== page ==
Installing the 4-bar rear axle brackets was easy – just measure the distance between the frame brackets, measure flange-to-flange on the rear end, subtract the four-bar frame dimension from that, and divide by two. The pieces for these brackets come with the Welder Series WS2220 rear four-bar kit. It’s designed for a ’32 Ford but is really easy to use in a lot of frames.
Rear four bar kit: WS2220, Welder Series
Mr Billet Boy (you know who you are!): aluminum axle, aluminum hubs, aluminum caliper brackets, aluminum calipers, aluminum heads & intake- if we used aluminum wheels, we wouldn’t be able to keep the front end down at a launch! It’s strategic. Now I hope the baby moons will fit over those hubs!
Rollin’, rollin’, rollin’… Now we can move to the body for a while.
Going way back to this post on exhaust air speed and air ride tune-ability, we’re finally starting to get serious about figuring out the ride height of the ’32, instead of just air pressure. Air pressure is ok for an overview of ride height… if you know what pressure the bags have to be at, with a given load. What we were finding in the ’32 (and maybe it’s because it’s a relatively lightweight vehicle), is that just because the pressure in the bags was 50 psi, didn’t mean the car was sitting where we thought it was. The PSI could read the same with 2″ of ride height variation, depending on the load.
Bags are at 50 PSI and there is 2″ between the wheel well and tire. Add 200 pound passenger. Ride height goes down, PSI goes up, wheel well gap decreases. How much pressure do I have to add to get the gap back at 2″?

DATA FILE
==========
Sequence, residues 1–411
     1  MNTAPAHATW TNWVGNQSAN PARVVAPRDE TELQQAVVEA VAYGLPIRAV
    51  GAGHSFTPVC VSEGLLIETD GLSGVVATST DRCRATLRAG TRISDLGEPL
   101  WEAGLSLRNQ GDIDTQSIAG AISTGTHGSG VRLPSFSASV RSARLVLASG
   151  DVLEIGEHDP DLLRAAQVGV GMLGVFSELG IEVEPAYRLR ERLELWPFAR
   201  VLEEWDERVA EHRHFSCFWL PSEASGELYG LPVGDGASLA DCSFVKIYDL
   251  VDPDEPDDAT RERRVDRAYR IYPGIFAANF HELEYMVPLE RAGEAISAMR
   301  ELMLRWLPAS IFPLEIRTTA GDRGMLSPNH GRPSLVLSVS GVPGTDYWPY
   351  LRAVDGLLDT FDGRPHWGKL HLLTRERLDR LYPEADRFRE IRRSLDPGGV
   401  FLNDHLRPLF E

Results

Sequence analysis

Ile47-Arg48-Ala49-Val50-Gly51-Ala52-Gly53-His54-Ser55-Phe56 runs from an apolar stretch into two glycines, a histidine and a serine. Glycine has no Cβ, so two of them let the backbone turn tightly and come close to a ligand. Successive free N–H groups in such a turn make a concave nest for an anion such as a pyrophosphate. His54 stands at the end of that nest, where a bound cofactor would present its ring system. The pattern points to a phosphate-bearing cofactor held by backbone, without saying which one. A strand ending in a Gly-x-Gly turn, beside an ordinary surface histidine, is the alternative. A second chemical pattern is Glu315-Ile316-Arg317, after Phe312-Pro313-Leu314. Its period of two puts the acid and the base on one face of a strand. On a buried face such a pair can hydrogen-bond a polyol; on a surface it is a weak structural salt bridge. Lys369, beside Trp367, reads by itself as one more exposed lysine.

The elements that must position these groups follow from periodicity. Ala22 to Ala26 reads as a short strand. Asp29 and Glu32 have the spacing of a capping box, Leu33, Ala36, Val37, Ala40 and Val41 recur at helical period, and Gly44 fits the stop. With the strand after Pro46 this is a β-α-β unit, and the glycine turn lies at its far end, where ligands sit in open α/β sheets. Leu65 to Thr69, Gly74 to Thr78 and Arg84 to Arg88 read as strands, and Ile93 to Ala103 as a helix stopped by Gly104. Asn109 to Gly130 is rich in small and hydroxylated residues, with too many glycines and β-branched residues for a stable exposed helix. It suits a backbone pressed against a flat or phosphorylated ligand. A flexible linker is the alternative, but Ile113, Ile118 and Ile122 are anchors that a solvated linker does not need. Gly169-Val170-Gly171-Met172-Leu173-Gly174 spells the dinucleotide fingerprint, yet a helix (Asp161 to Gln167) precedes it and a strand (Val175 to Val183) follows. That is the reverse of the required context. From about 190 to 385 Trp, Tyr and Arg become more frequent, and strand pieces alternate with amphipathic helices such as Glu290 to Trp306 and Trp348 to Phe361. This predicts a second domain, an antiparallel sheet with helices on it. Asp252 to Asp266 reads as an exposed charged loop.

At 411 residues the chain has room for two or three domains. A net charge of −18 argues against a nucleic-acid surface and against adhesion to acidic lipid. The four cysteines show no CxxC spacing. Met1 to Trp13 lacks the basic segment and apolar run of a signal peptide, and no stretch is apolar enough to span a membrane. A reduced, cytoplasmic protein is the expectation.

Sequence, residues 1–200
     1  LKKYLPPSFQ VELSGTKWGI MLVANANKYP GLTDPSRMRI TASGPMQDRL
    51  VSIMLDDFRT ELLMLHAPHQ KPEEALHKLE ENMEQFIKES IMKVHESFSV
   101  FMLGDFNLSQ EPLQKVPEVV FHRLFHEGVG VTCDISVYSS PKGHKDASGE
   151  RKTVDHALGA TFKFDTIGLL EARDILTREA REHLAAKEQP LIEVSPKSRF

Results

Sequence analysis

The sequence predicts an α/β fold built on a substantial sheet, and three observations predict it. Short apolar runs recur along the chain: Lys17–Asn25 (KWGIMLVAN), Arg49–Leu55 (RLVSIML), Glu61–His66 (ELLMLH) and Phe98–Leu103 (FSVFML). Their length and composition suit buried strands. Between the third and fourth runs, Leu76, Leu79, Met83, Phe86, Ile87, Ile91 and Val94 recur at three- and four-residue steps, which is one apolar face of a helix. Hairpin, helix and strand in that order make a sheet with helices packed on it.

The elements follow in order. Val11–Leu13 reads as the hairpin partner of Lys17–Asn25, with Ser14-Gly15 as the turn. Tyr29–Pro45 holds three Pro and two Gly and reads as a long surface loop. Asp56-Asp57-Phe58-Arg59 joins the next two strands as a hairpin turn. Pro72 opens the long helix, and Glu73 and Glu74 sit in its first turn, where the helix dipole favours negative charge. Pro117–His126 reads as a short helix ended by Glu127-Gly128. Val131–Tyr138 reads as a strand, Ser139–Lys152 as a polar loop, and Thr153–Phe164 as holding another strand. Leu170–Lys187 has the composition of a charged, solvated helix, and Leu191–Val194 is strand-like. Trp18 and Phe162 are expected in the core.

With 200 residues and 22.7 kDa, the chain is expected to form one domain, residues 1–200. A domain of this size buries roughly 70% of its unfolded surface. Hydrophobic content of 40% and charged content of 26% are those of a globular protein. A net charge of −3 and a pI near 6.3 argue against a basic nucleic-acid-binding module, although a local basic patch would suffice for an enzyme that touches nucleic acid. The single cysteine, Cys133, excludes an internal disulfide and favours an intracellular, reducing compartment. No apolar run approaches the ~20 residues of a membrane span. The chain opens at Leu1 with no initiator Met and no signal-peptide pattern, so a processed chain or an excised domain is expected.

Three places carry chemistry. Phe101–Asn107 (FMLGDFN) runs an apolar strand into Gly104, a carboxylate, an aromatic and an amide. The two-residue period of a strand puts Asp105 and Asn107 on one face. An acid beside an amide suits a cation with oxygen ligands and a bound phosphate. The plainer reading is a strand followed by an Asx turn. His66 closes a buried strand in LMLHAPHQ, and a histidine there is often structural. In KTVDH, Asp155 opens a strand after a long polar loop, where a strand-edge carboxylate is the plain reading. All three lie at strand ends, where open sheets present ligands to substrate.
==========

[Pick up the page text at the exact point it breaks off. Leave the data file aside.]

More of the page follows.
Enter the ride height gauge.
We had a few ways to accomplish this, but the idea is pretty simple. Get rid of the pressure gauge (I could care less what pressure is in the bags… I want to know where the car is sitting!) and substitute with a ride height gauge. The gauge would measure actual ride height; optimal being in the middle, with low and high on either extreme. The gauge would measure the relationship between a point on the body and a point on the axle, and show that relationship on the gauge. A friend of mine with an air ride equipped ’76 Mercedes was thinking along the same lines with a thermometer type gauge that would be hard lined to the body with a solid inner cable (think choke cable) that would move similar to the mercury in a thermometer, indicating the ride height.
Another friend (there’s two so far!) actually made a prototype light sensor that would turn on an LED when the beam was broken, indicating optimal ride height.